The first column of group would have the values one or two depending on which machine was used. two. dummyvar D = dummyvar(group) D = dummyvar(group) generates a matrix. D has one column for each unique value in each column of the matrix group. group = [1 1.1 3. of 0-1 columns. D = dummyvar(group) D = 1 1 1 0 0 0 0 0 0 1 1 1 1 0 0 1 0 0 0 1 0 0 1 0 0 0 1 0 0 1 See Also pinv. D. Example Suppose we are studying the effects of two machines and three operators on a process.1 2. The second column of group would have the values one.2 3].2 1.2 2. regress 2-60 . or three depending on which operator ran the machine. Each column of group contains positive integers that indicate the group membership of an individual row.dummyvar Purpose Syntax Description Matrix of 0-1 “dummy” variables.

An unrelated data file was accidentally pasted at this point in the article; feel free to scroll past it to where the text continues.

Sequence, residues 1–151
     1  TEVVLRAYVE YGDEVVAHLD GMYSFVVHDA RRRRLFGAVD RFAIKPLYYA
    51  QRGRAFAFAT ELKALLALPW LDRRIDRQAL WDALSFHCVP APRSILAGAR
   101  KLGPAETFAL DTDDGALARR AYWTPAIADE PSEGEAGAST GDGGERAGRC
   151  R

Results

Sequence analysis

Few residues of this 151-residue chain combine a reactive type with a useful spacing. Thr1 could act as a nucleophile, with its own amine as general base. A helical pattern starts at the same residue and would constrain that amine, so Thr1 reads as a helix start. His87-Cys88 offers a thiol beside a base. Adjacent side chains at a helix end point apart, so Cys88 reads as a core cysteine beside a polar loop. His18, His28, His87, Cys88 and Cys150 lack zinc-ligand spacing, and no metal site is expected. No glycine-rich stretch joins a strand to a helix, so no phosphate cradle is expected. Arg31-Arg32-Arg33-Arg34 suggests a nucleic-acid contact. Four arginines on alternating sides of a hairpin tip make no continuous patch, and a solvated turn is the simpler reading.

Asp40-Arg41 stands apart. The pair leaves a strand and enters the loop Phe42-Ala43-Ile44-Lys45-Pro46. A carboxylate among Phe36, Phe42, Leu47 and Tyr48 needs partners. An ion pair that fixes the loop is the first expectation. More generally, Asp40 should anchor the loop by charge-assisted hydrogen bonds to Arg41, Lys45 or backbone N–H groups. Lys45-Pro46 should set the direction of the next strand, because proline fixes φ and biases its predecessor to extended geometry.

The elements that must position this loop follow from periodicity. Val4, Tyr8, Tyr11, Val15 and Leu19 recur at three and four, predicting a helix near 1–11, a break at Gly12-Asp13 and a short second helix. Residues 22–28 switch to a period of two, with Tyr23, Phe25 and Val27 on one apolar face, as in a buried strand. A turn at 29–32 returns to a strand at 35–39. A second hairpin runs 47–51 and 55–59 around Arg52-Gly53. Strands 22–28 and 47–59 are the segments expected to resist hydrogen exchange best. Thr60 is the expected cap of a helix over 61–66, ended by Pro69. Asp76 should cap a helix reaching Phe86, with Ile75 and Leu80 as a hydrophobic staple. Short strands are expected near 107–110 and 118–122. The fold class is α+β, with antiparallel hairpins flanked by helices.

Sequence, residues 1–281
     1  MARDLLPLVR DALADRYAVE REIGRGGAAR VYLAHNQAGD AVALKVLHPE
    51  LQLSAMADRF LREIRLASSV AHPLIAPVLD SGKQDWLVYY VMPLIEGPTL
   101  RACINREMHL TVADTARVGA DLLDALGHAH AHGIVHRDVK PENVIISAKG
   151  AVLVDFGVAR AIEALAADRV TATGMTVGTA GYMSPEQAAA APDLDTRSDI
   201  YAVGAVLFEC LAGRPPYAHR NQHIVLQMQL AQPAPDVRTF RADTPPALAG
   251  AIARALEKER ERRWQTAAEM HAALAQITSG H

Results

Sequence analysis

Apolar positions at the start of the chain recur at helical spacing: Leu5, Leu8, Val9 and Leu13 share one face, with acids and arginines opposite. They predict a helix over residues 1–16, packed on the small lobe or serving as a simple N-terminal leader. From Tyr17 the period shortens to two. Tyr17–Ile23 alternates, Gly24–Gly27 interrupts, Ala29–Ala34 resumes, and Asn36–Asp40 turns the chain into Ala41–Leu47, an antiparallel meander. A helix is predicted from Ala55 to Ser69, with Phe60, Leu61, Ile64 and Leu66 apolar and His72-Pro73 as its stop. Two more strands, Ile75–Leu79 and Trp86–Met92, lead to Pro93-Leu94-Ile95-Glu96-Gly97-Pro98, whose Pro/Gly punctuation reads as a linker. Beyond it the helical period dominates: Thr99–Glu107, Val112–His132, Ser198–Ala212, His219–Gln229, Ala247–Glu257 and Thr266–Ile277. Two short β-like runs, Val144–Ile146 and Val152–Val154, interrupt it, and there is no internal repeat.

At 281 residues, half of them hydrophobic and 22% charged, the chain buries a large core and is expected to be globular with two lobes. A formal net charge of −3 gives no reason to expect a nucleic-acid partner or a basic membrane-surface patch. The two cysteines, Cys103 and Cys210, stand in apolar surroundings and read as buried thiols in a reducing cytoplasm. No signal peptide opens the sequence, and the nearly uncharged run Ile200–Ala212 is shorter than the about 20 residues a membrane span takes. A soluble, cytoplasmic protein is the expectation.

'+') L = 0.8 0.symbol) plots X versus Y with error bars specified by L and U.5 2 2.L. If X. Y.pci] = poissfit(r.Y.4 0.5 3 3.L) plots Y with error bars [Y–L Y+L].2200 0. r = poissrnd(lambda(ones(50.symbol) errorbar(X.L) plots X versus Y with symmetric error bars about Y.errorbar Purpose Syntax Plot error bars along a curve.Y. X.L. L. L. Example lambda = (0.Y).1200 U = 0.0. plotting symbol. L = p – pci(1.2600 0. and U are matrices.5 0.5).1).Y. Y. errorbar errorbar(X.:) U = pci(2.:) – p errorbar(1:3.L) Description errorbar(X.U.Y.L. and color of the error bars. symbol is a string that controls the line type.1:0. 2-61 . The error bars are each drawn a distance of U(i) above and L(i) below the points in (X. errorbar(X.U.3400 1 1.2000 0.U.L) errorbar(Y.6 0.5 See Also errorbar is a function in the MATLAB Toolbox. [p.2:0.001). then each column produces a separate line. and U must be the same length.p.1600 0.2 0 0.:)). errorbar(Y.